We often get asked how the whole adoption process works. It’s a bit of a mouthful and can be overwhelming to people when trying to explain it. The good and bad part of adoption is that there is a LOT of waiting, so you get to take care of things in small bits with waiting in between. This is my long-winded explanation of Private domestic adoption in Ontario.
To be approved to adopt in Ontario, you must first have a homestudy. The name is confusing because this is not a study of your home (though they do check your home – more on that in a moment). A homestudy is performed by an adoption practitioner, who is approved by the government to conduct homestudies and supervise adoption placements. A homestudy involves interviews talking about your childhoods, your family life, your interests, your experiences, your marriage, your parenting goals, why you want to adopt – a LOT of things! It’s not just to learn about you, but for you to learn more about adoption and even yourself. It really made us think. There is a lot of paper work that is filled out and signed, and some very personal questionnaires. You need references, forms filled out by your doctor, fingerprints/police checks, and a financial statement. A homestudy also includes a safety check of your home. This is the part where the potential adoptive parent goes crazy cleaning every single crevice in their entire house. Of course the practitioner comes in, takes a walk through your home, asks a few questions, like if you have a carbon monoxide monitor and smoke alarms. It is way less stressful than imagined. And then you wonder why you deep cleaned the inside of the fridge.
In the midst of your homestudy, you’re advised to take your PRIDE training. PRIDE stands for Parent Resources for Information, Development and Education. It’s a 27 hour course that is mandatory for anyone interested in pursuing adoption in Ontario. It covers things like trauma, abuse, handling negative comments and insistent questions, attaching, openness, telling your child about adoption, and much more. It was really eye-opening and extremely helpful in solidifying that we wanted to move forward.
The Profile and your Licensees (Getting Matched)
When you complete your homestudy and PRIDE training and your practitioner gives their recommendation, you are considered Adopt Ready. Now you must create your adoption profile, and sign with licensees. Your profile is what is presented to an expectant couple, literally their first impression of you. Different agencies have different guidelines, but it is basically a booklet with pictures and writing about your lives and what their child’s life would look like if they were chosen to parent. Licensees are lawyers or agencies that are approved by the government to legally perform adoptions. Generally you register with the licensee, you have a consultation talking about the process and their fees, and if all is well, you are placed on their active list. This means that should you match what an expectant mother or parents are looking for, the licensee will ask you if your profile can be shown. If you say yes, your profile will be included with others for the expectant mother to look through. If afterwards she wants to meet you, a meeting will be arranged in a neutral location. This would include the expectant mother/couple, their counselor, any support people they would like present, the licensee, the adoptive couple’s practitioner, and the adoptive couple. It’s a full house! After this meeting, the expectant mother may decide to choose you to parent her baby. This is a match!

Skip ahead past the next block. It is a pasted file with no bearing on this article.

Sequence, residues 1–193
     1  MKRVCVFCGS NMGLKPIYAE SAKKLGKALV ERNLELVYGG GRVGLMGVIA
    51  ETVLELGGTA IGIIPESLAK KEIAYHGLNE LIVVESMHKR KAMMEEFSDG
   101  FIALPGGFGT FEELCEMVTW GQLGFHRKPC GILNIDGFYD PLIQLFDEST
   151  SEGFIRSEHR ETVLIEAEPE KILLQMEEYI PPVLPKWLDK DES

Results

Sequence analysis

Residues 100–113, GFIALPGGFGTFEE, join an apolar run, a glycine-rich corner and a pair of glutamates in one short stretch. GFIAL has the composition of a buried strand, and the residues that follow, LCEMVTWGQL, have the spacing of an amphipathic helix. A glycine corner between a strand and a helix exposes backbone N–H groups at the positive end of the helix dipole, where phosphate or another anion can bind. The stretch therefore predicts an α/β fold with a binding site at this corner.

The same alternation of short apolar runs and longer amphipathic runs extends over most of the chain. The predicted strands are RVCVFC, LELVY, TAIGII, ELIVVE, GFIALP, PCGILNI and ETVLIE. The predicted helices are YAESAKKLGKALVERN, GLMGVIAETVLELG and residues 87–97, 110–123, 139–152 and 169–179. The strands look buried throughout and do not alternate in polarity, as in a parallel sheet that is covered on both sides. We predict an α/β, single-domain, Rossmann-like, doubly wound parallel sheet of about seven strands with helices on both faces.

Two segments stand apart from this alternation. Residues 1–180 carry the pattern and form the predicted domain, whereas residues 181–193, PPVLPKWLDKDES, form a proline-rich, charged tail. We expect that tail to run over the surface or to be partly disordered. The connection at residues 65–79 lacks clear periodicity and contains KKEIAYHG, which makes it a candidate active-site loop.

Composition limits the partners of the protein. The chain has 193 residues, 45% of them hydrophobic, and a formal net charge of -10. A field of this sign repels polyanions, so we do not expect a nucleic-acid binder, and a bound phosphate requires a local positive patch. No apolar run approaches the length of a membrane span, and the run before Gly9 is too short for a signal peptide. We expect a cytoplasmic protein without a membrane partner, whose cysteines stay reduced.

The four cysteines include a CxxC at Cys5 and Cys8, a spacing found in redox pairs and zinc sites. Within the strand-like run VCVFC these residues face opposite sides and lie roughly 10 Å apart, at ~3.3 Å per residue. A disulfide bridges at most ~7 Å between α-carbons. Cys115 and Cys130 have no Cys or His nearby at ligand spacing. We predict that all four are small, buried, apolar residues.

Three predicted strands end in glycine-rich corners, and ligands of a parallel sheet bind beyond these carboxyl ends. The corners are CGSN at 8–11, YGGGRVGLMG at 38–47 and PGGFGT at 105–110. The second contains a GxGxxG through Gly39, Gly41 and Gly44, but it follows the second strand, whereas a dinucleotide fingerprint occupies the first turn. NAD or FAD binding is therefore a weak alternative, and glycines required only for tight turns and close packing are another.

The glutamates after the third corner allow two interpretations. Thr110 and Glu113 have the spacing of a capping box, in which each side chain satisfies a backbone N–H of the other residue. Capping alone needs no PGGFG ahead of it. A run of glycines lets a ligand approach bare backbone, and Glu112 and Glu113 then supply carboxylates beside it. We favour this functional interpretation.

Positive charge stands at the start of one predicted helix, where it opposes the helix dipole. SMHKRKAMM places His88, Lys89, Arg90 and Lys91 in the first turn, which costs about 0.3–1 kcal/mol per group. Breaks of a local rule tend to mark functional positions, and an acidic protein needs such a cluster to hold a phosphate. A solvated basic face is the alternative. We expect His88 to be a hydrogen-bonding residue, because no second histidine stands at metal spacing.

Before the point that your profile is present, the expectant mother/couple has (unless refused, which we are told is rare), received counseling on her options, her feelings about it all and what adoption is and is not. After the match, the expectant mother would continue to receive counseling and support. We would all talk about the level of openness we would like to have, and it would be put into writing. Openness does not mean co-parenting, but is based on the belief it is in the best interest of the child to have access to their roots, to have their questions answered, and that they deserve to know their whole story. This means that our full first and last names would be known, we could send letters and pictures, exchange emails or phone calls. Openness is really what the people involved want to make it.
Why Birth Parents are Not Birth Parents Yet
At any point during this process the biological parents are free to change her mind and parent their child. This is why I do not say birth mother, as the adoption is a plan until consents are signed and a period of time has passed. After the child is born, she will be asked if she would like to continue with the adoption. If she does, she and the biological father will sign consents on the baby’s 8th day of life (or after depending on the situation). During this time, the baby most likely goes home with the adoptive parents. After the consents are signed, there is a 21 day period where the consents can be revoked and the baby placed back into the biological mother’s care. Many people have said they couldn’t imagine going through this with that possibility. But I know when it finally happens it will be worth it.
When the Revocation Period Passes
Should the 21 days pass without consents being revoked, then the adoptive parents are on their way to being the legal parents. During this time their practitioner makes occasional visits to check up on how you are doing, and around 6 months makes a recommendation for finalization. This can take more months, so that baby might be 1-year-old before the adoption is finalized. This is a huge day, as the child is now legally your child.
Not sure if I’ve missed anything but if I haven’t answered your question please feel free to ask!